The lead author of a major UN report on climate change has expressed his shock that every reference to Australia was removed from the final version, following intervention from the Australian government.

Guardian Australia on Friday revealed that chapters on the Great Barrier Reef and sections on Kakadu and Tasmanian forests were removed from the World Heritage and Tourism in a Changing Climate report, following the Australian Department of Environment’s objection that the information could harm tourism.

The Union of Concerned Scientists, which jointly published the report with the United Nations environment program and Unesco, published an independent statement on the reef this morning.

Continue reading:  Great Barrier Reef: UN report lead author ‘shocked’ all Australian references removed

Related story:  Earth’s Temperature Just Shattered the Thermometer – Only three months in, and 2016 will almost certainly be the hottest year on record.

9 thoughts on “Great Barrier Reef: UN report lead author ‘shocked’ all Australian references removed

  1. I saw the ticker on this, but can’t quite understand what’s going on here. Kakadu is fine, although there are some mines in there, but the regulations governing them (and the policing of those regulations) are strict. Tasmania has always battled logging, but we’ve had good victories in establishing protected parks, and i think all old growth Huon pine is completely off limits. Still, more protection could never hurt. Did they remove the reef report because of tourism concerns? Why would the UN even cave to the government on this?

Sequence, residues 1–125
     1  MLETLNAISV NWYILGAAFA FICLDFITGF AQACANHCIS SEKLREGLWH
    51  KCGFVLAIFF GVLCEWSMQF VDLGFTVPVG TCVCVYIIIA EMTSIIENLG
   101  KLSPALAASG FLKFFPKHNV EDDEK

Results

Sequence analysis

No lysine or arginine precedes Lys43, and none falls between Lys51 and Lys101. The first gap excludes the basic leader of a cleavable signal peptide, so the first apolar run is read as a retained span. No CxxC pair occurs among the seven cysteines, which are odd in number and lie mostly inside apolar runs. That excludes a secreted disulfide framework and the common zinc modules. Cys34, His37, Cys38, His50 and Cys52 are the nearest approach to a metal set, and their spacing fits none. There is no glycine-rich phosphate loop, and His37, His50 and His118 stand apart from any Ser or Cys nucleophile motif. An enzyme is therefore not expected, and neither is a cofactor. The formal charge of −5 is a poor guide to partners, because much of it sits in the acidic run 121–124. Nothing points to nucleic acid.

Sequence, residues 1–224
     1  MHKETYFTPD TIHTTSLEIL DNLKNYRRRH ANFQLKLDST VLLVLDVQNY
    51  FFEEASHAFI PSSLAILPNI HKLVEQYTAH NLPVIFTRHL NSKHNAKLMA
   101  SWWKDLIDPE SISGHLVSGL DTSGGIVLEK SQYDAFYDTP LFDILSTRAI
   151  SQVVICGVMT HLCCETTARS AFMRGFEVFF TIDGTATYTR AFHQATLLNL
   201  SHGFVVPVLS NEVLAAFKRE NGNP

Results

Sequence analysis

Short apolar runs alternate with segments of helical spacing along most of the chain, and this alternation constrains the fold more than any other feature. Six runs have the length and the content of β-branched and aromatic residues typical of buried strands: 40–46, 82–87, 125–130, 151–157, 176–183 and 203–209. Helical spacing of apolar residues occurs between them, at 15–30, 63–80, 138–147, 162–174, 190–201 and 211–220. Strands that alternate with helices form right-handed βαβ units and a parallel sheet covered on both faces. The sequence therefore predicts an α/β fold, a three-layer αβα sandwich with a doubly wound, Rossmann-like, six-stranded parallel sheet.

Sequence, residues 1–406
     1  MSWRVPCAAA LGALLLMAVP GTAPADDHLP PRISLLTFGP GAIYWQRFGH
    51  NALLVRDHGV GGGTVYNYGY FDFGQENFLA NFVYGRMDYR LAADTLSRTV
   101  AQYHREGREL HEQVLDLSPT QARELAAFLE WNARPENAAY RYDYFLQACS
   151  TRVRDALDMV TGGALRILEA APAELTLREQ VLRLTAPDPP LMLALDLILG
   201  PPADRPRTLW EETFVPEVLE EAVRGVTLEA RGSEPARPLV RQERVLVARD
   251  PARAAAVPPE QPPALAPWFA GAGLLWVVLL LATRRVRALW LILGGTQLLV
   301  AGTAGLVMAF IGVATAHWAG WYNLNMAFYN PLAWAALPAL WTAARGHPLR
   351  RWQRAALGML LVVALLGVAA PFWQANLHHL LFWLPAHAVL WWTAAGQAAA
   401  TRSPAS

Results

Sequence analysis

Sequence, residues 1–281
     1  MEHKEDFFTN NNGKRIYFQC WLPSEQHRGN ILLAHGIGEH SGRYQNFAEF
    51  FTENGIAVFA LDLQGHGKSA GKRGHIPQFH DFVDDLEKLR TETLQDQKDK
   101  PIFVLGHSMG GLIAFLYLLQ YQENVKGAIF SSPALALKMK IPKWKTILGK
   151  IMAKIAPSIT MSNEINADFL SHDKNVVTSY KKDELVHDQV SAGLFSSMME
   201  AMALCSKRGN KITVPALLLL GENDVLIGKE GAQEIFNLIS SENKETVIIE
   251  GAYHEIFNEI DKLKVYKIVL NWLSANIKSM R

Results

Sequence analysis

• Why did the UN cave? Good question.

      Regarding the ecological future of Kakadu and Tasmania, changes are definitely coming. While corals are particularly sensitive and vulnerable to temperature and acidity changes in the ocean (which are bearing the brunt of climate impacts right now), land vegetation (i.e. trees) will eventually suffer as well. In fact, we are currently seeing poleward and elevation shifts of most species of flora as they attempt to adapt to a warming world. Like corals, these species form the basis of vital land ecosystems.

      Liked by 1 person

Comments are closed.